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Grown up thinking about asylum seeker drownings

Find below a truly great comment by Neil James  on this post at New Matilda I hope that the author does not mind but I was so impressed by his succinct argument that I thought it would be good to share it with the reader’s of the Sandpit

kaniva

The Kaniva Incident

There are surely some questionable assumptions and conceptual mistakes underlying this article.

Asylum and refugee matters remain first and foremost strategic policy issues. They comprise just one part of Australia’s broader and longer-term strategic relationships with neighbouring countries and our broader region collectively. We also need to avoid them becoming a defining or persistent problem in the overall complexity of these strategic relationships.

The potential for regional neighbours to coerce Australia strategically by facilitating illegal immigration or extra-regional refugee flows into Australia must also be avoided. Or indeed the situation whereby Australia has to bribe some countries to reciprocate their wider obligations as friendly neighbours or meet their asylum responsibilities under customary international law.

Day-to-day public discussion of refugee and asylum-seeker matters in Australia is greatly hampered by incorrect assumptions that ignore these foreign and strategic policy implications. Debate is instead dominated by Australia-centric perspectives focused on domestic attitudes and party politics, community compassion, Australian law, or human rights matters only as they apply within Australia.

Most public and party-political argument has consequently tended to revolve ineffectively around the recurrent symptoms of the dilemmas involved, rather than seriously examine or fix their actual strategic, legal and moral causes.

It is simplistic to assume that Australia can just ignore Indonesian sovereignty – or our complex wider relationships with that country – by somehow just shouldering Indonesia aside in its own territorial and geographic waters or in Indonesia’s internationally designated zone of search & rescue responsibility.

Tragic though the circumstances undoubtedly are, the last boat to sink was an Indonesian one, crewed by Indonesians, owned and directed by Indonesian criminals and had illegally left an Indonesian port after bribing corrupt Indonesian officials. It sank 50 metres (yes metres) off an Indonesian beach in Java.

As the article correctly notes, the delays and evasions of responsibility were wholly Indonesian not Australian. They could have done more but apparently chose not to. Their supposed total incapacity to help is simply not true and is no excuse anyway. After all, after so many tragedies just off Indonesia’s coast why cannot they improve their capacity in even the most basic ways?

What we are actually seeing in most cases is deliberate policy choices by Indonesia. Or an unwillingness to tackle the mix of corruption, national embarrassment, anti-Australian racism and political inertia involved. It is not just an incapacity matter even if that was an acceptable excuse which it is not.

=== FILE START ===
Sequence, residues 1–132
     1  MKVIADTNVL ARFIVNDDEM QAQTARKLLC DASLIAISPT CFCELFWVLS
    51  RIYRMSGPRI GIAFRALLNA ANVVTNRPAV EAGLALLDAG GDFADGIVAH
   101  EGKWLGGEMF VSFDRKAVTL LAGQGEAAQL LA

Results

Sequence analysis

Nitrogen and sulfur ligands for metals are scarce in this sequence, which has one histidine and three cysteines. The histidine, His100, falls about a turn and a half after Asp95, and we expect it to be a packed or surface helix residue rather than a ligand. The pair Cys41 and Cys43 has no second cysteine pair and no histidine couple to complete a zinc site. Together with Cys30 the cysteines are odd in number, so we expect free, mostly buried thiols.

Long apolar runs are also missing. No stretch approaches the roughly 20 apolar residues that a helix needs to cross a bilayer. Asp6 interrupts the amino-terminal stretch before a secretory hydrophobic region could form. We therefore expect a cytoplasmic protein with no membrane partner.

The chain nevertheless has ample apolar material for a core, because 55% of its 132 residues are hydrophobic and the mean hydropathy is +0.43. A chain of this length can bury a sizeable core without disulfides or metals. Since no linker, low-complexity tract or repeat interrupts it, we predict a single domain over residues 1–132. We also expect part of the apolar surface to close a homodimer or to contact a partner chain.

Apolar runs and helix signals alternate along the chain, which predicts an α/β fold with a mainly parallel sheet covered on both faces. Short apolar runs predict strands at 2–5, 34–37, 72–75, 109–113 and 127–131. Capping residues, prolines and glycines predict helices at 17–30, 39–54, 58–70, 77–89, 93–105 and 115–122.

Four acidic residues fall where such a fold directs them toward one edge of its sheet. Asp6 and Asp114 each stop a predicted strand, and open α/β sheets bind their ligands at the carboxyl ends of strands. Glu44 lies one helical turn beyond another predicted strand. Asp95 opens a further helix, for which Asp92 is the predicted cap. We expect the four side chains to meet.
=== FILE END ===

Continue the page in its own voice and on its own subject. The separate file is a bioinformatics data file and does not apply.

Australians concerned over this matter need to hold Indonesia to account, rather than just Australia. They should begin by not blithely accepting every Indonesian official or other prevarication and excuse at face value – just as they would if such ridiculous statements were made by an Australian official. The near-total loss of objectivity in Australia about even the most specious Indonesian claims is a major part of the problem.

Australia has international search & rescue responsibilities for some ten per cent of the Earth’s surface. NZ has another eight per cent. Indonesia’s zone is much, much smaller and its navy actually has more ships. While there are undoubtedly some economic disparity factors involved, the overall problem of Indonesian unwillingness or “incapacity” will never be solved – and people will continue to drown – while Indonesia is never held to account for not meeting its internationally agreed search & rescue responsibilities. Just like every other country.

Now if only our over emotional friends from the left could truly absorb the  content of this argument they might just stop talking rot and understand the true nature of the problem instead of trying to guilt trip every grown up in the country when an asylum seeker drowns.

Cheers Comrades

LifeJackets

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7 Comments

  1. Ray Dixon says:

    Iain, it’s not that long ago you were claiming the Labor govt had ‘blood on their hands’ whenever a boat sank. Now that the Coalition is in govt (and now the boats are still coming – funny about that!) you say it’s all Indonesia’s responsibility? Givemeabreak Iain and stop playing politics over boat people.